Using KWL to Introduce Inquiry

Prepared for

Museum Experiences Introducing Inquiry to Teachers

Molly McLaughlin
The Franklin Institute
Philadelphia, PA
1994 ASTC Annual Conference
Portland, Oregon
October 16, 1994

K-W-L (What I Know, What I Want to Know, and What I Learned) is a teaching model developed to encourage purposeful reading by
K: activating and organizing students' prior knowledge,
W: developing questions of personal interest to focus attention during reading, and
L: summing up and reflecting on what was learned, if and how questions were answered.
Ideas, questions, and results are recorded on a chart for the whole class or for individual students.

KWL can also be used to facilitate science learning by
K: pulling together what students already know (or think they know),
W: helping to generate questions for investigation, and
L: summing up findings and further questions.

By providing a recognized "legitimate" structure, KWL may make some teachers feel more comfortable about setting up explorations and investigations even if they don't have specific directions for predetermined demonstration experiments.

KWL is also a useful strategy for built-in assessment and planning. (See "Performance Assessment: Five Practical Approaches" by Anne Grall Reichel in Science and Children. October, 1994, p. 21-25.)

Sample KWL Chart
What l/We Know What l/We Want to Know What I/We Learned

Possible additions to chart and/or topics for discussion:

What we think we know, but aren't sure about

What's our evidence for what we know

How we might find out what we want to know (what would be evidence?)

What could we find out by interacting with or observing the materials/phenomena, rather than by reading or asking experts?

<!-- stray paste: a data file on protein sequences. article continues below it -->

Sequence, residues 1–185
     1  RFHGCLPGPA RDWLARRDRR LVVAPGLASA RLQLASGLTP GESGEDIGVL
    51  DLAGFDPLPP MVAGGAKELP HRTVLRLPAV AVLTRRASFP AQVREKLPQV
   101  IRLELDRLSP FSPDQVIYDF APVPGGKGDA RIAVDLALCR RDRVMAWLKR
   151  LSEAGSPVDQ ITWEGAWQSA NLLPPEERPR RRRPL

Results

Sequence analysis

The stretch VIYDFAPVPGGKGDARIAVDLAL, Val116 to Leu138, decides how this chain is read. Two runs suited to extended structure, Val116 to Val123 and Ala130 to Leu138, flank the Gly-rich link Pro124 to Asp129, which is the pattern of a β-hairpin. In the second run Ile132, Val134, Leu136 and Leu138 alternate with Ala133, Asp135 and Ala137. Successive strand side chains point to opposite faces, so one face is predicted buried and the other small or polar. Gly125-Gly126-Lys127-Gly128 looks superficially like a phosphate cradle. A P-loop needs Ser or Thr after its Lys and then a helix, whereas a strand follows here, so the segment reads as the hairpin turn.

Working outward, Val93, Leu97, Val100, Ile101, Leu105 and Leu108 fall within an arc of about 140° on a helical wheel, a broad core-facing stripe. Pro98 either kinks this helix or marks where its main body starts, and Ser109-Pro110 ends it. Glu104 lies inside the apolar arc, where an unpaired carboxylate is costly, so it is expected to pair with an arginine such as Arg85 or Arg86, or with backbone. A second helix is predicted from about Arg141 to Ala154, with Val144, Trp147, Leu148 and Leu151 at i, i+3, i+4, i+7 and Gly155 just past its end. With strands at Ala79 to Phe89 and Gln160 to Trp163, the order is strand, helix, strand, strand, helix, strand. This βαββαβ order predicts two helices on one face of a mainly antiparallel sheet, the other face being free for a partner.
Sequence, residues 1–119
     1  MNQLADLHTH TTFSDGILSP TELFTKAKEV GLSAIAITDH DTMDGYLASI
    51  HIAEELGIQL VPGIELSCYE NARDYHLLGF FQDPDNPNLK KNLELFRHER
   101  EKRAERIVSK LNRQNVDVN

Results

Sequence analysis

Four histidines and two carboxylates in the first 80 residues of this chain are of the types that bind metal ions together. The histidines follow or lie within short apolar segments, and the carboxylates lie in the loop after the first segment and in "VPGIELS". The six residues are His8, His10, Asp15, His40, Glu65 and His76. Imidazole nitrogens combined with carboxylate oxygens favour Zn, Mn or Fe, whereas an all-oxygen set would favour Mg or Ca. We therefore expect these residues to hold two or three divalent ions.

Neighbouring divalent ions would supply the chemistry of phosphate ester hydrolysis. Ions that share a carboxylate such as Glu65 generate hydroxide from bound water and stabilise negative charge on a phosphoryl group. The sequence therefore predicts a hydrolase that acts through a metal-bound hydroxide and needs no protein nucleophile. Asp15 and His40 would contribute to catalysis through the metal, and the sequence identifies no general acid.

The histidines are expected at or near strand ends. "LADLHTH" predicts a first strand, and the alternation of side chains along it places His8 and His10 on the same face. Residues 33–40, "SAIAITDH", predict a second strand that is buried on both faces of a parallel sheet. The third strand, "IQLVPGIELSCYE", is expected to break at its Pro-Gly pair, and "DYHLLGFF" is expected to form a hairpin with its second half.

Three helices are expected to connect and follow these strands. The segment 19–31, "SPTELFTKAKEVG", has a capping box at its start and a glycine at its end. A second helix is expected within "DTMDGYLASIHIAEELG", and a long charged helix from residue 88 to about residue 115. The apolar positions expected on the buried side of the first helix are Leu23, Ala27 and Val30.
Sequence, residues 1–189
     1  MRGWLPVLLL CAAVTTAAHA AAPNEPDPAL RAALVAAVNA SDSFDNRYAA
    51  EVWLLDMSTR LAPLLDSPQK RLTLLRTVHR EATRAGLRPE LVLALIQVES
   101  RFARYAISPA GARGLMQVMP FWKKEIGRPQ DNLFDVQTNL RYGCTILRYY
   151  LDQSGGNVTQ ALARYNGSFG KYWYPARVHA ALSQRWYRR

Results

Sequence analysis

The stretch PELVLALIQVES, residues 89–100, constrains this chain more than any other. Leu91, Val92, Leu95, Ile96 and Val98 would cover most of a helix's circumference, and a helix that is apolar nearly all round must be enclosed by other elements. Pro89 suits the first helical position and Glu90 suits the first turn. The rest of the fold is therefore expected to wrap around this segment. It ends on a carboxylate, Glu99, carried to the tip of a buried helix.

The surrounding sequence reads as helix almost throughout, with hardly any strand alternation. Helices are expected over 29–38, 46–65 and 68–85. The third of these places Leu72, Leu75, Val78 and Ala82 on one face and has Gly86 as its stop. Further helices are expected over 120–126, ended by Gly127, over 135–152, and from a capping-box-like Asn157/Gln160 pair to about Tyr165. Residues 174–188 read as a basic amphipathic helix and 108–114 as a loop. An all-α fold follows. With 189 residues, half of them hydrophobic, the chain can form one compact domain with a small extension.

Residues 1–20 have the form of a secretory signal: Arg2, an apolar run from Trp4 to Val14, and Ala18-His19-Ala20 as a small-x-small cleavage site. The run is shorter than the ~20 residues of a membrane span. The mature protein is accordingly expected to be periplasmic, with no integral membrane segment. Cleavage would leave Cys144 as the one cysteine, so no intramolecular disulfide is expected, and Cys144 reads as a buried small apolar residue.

What questions do we still have?

Inquiry Approaches to Exploring Balls and Ramps

Below are some materials and strategies for inviting people to explore the way things roll. A wide range of questions and problems may be explored, depending on the variety of materials provided, the wording of initial questions, and the interests of students.

-Variety of balls, marbles, other rolling objects (cylinders, cars, etc.)
-Tubes: cardboard (paper towels, toilet paper, wrapping paper, etc.; some cut lengthwise, some whole); plastic; other
-"Ramps": pieces of foam core, cardboard; boards or long blocks, etc.
- Blocks or other materials for support; masking tape, scissors.

1. K-W-L Strategy:
a. Ask students what they know about balls and how they roll; record responses on a large chart headed "What we Know."
Depending on age of students, you might ask about the evidence they have for what they know.

b. Under the next category, "What We Want to Know," record questions students would like to find out about. Ask "How could we find out about that?" "What would be evidence?" "Which questions could we find out about using the materials we have here?"

c. Students plan and carry out investigations of their questions.

d. Record results in chart section headed "What We Learned."
Encourage students to recognize and record things they're still not sure about, or new questions still to be explored.

2. Problem/Challenge: Use these materials to: make a ball move around a corner, up a hill, down a ramp as slowly as possible. . .

3. Open Inquiry/Exploration: Find out whatever you can about how these materials interact, how balls roll/bounce, what influences the speed and distance of a rolling ball . . .


What did you learn from this approach?

How would you compare your feelings/thoughts/experiences during exploration with your feelings/thoughts/experiences during more traditional learning experiences?

What do you think might be advantages and disadvantages of this approach for teachers and students?

Reprinted with permission of the author.

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